The ninja, clad in red wrappings with a katana strapped to his back, goes sprawling into a deep puddle of waste water, and I'm behind him before he's got his bearings. I've lost one billy club, so I only have my grappling hook left, but it's worth sacrificing, because I've taken on Hand assassins before, and you want to neutralize them as quick as possible.
I fire the hook at a window, smashing it. I press the button to reel the cable in, and clout the ninja across the back of the head with the club before he turns. Despite his doubtless loss of balance, he swings a mean kick into my side, and starts moving in on me, while I feign defence.
He swings a fist, and I catch him by his wrist, wrapping the rapidly-receding cable around it. He reaches for his sword, but before he gets it out he's been pulled, full force, into broken glass and hard brick, and I hear his arm break in two places.
He lands, now holding my club in one hand and his sword in the other. The club hand is useless. He's just threatening me with my own weapon, intimidation tactic. He knows it, and lets me make the first move. I leap, swinging a kick for his head, but he ducks beneath it, trying to stab upwards at me.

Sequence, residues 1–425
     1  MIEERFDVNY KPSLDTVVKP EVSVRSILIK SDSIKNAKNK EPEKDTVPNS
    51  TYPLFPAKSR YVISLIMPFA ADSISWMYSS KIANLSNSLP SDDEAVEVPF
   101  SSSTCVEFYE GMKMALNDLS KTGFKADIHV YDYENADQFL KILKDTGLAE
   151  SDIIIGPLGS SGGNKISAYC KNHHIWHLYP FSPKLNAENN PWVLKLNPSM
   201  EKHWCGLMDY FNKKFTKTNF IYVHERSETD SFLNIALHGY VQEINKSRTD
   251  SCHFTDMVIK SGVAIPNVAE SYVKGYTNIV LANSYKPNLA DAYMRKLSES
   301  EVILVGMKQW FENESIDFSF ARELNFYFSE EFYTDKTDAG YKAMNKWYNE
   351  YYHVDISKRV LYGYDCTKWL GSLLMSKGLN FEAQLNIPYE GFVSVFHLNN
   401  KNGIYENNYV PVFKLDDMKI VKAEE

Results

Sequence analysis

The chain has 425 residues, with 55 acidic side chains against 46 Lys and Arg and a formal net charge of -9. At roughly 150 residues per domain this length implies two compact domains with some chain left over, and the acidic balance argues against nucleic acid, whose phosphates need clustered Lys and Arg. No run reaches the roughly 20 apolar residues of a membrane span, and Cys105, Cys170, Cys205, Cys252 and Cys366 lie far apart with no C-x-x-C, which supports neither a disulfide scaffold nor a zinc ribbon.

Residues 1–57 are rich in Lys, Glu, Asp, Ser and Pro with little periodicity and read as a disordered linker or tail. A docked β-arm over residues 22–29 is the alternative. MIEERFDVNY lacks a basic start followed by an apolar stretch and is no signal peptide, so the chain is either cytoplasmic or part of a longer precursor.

I knew exactly what he was doing, and I kick off the wall, back over him again. He spins, bringing his sword in an arc that would normally take my head off, but a well-timed duck and swift kick to his thigh ruins that plan.
A ninja is a perfect symphony of muscle and discipline. They move as they need to move, eliminating obstacles to achieve results as directly and efficiently as possible. But for a ninja to come up against someone like me, someone who can hear an off-tune string in a hundred-piece orchestra? It's disastrous. It becomes less about the goal, and more about the method, which is an almost complete reversal of the ninja's way.
The guy mulls on this as he shrinks back, rethinking tactics as we face each other again.